Brood of Bones, by A. E. Marling has been on my radar for a while, because the cover is so darned eye catching. So, when I saw it on the Amazon free list a while back I grabbed it. Perhaps it is permafree, as at the time of posting it was still/again free.
Description from Goodreads:
Cursed with endless drowsiness, Enchantress Hiresha sleeps more than she lives, no time to marry and raise a family. From virgin to grandmother, all the women in her city have conceived. A lurking sorcerer drains power from the unnatural pregnancies. The only person uncivilized enough to help is the Lord of the Feast, a dangerous yet charming illusionist.
A pleasant surprise in that it lived up to my expectations. Hiresha wasn’t a particularly relatable character, being painfully blunt, but I quite liked her. Maid Janny and the bodyguard (whose name I won’t even try to spell) were wonderful sidekicks. And the Lord of the Feast was an interesting maybe-ally/maybe-enemy/maybe-more character. I quite liked him and his quandary.
The world was engaging and, while not deeply described, there was enough detail to understand it. The writing was quite readable and there is some unexpected humour.
I was a bit confused about Hiresha’s age. It’s never clarified beyond nearing the end child bearing age (she wants children and is starting fear she’ll never be able to have them) and too old for someone who wants a sweet young thing to want to rape her. But I’m guessing mid-late 30s. Old enough to have reached provost level at the university.
Her age matters to me because I’m also wondering how she managed to essentially buy the town. She was born poor, chosen to become and enchantress, I assume makes a lot of money as one (but for how long) and donated a wall to the town. But everyone seems to know her and treat her like royalty and I was never entirely sure why, especially since she hadn’t been back in a dozen+ years.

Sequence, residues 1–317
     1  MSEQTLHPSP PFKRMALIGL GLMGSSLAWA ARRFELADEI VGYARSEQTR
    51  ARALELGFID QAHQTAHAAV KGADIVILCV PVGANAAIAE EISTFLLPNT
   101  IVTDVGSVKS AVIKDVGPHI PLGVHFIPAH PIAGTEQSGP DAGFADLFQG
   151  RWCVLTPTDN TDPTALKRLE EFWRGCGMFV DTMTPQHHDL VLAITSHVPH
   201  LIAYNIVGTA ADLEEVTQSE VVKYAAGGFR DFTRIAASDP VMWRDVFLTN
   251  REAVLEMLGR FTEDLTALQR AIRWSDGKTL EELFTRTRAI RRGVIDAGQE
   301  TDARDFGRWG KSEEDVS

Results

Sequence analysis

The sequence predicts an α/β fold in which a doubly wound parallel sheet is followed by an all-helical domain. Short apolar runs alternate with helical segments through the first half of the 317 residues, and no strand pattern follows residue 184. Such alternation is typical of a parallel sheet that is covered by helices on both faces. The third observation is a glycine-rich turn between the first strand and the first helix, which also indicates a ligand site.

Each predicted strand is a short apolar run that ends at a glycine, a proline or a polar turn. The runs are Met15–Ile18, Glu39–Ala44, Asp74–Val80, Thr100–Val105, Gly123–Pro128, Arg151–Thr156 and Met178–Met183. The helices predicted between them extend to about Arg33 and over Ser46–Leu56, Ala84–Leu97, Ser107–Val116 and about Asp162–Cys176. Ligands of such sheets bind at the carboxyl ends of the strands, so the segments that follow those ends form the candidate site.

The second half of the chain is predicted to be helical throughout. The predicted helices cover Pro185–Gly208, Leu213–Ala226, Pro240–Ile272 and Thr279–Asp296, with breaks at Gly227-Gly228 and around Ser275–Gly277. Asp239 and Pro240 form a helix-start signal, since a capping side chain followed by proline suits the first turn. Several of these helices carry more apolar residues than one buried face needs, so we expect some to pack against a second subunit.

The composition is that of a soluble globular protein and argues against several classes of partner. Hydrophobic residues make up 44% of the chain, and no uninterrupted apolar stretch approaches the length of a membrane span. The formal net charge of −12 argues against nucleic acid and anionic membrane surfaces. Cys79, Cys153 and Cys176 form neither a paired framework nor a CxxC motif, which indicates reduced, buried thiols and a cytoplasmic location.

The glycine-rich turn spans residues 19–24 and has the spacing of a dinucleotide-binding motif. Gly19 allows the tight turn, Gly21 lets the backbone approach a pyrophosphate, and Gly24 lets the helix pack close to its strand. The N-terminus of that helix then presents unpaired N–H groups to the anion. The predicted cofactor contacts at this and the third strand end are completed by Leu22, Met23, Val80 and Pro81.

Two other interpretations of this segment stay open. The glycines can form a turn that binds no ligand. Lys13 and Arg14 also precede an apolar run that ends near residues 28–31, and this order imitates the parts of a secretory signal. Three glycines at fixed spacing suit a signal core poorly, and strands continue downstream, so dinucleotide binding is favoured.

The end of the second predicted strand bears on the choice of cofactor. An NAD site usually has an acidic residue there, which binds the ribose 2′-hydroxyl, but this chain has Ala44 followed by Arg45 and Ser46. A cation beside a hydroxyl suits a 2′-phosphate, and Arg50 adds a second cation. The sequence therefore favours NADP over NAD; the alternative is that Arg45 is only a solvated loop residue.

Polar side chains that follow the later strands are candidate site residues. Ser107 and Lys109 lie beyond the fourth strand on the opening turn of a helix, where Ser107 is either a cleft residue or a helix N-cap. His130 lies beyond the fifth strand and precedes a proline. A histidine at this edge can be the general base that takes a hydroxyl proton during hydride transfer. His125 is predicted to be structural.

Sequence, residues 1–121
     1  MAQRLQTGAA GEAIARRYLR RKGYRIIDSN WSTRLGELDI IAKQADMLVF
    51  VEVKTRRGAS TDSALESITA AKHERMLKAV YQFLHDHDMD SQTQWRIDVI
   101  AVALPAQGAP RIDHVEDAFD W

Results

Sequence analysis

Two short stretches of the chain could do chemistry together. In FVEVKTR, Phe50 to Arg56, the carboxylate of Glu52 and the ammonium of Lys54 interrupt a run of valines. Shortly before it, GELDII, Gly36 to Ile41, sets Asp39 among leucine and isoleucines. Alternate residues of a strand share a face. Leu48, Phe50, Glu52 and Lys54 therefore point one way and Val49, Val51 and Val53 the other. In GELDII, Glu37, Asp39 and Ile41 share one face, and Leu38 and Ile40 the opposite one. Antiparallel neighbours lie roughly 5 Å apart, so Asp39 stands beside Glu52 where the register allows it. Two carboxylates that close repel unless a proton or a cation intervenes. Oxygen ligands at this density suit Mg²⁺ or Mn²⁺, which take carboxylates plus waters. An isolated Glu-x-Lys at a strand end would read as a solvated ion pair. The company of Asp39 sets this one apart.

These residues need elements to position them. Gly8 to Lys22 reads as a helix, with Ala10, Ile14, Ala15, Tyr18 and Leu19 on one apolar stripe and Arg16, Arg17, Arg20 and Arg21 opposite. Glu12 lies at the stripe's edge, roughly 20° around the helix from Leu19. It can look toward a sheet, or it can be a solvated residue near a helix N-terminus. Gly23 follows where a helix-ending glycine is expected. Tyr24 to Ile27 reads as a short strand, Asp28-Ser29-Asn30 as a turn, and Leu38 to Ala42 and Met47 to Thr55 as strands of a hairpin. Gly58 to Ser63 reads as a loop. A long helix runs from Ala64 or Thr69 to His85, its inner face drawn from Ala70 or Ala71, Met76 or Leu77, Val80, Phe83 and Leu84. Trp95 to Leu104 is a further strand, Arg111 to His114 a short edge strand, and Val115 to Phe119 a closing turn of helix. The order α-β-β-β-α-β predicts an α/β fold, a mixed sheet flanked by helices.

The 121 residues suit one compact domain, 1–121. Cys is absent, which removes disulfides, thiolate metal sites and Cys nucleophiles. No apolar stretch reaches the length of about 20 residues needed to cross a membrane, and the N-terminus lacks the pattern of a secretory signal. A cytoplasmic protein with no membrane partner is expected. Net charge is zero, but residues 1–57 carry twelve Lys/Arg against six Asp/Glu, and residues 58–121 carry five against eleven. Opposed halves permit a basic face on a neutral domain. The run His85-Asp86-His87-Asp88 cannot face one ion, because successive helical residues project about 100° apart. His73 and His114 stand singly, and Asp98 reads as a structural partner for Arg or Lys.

The concept of wearing 27 dresses, even if enchanted to be light, also wore on me in it’s ridiculousness. (Ha, that pun wasn’t intended.) It was never suggested that this was somehow required of her position, so I never quite understood it. Using clothing to emphasise her position and bolster her self-esteem, sure but trap herself in a cage of cloth, why?
I also found all the references to moving the dresses and almost passing out from heat exhaustion repetitive. Plus, (personal pet peeve) she almost never took them off, even sleeping in them. Ummm, when did she bathe? Not once in the whole book. Did she have an enchantment for this?
I did think it dragged a little as the reader goes through each deductive step of the investigation with Hiresha. But I also appreciated seeing her utilise her intelligence to solve the mystery.
All-in-all, I had a few complaints, but it was an enjoyable read and I’m hoping to get my hands on the sequels.